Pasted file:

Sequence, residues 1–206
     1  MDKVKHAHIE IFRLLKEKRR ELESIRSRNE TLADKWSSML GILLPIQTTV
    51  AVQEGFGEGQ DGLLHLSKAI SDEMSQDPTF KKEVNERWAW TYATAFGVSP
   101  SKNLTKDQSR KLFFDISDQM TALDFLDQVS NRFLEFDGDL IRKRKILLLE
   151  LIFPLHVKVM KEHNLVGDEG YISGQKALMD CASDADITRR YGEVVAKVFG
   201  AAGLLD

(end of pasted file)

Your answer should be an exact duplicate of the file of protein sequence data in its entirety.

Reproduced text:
Sequence, residues 1–206
     1  MDKVKHAHIE IFRLLKEKRR ELESIRSRNE TLADKWSSML GILLPIQTTV
    51  AVQEGFGEGQ DGLLHLSKAI SDEMSQDPTF KKEVNERWAW TYATAFGVSP
   101  SKNLTKDQSR KLFFDISDQM TALDFLDQVS NRFLEFDGDL IRKRKILLLE
   151  LIFPLHVKVM KEHNLVGDEG YISGQKALMD CASDADITRR YGEVVAKVFG
   201  AAGLLD